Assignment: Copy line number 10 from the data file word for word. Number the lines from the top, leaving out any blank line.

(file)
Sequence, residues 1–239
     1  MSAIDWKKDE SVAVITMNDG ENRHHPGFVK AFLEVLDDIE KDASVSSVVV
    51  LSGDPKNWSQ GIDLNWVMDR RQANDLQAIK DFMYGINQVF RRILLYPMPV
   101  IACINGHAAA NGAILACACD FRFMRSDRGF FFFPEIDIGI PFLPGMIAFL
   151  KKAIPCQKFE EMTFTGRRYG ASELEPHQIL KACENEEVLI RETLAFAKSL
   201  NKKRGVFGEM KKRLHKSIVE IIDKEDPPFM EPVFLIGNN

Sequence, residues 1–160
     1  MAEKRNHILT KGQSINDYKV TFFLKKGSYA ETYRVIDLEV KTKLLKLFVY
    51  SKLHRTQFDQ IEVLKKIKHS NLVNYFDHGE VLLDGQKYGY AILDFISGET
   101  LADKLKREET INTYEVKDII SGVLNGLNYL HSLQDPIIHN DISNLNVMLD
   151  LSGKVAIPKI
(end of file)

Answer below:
   101  LADKLKREET INTYEVKDII SGVLNGLNYL HSLQDPIIHN DISNLNVMLD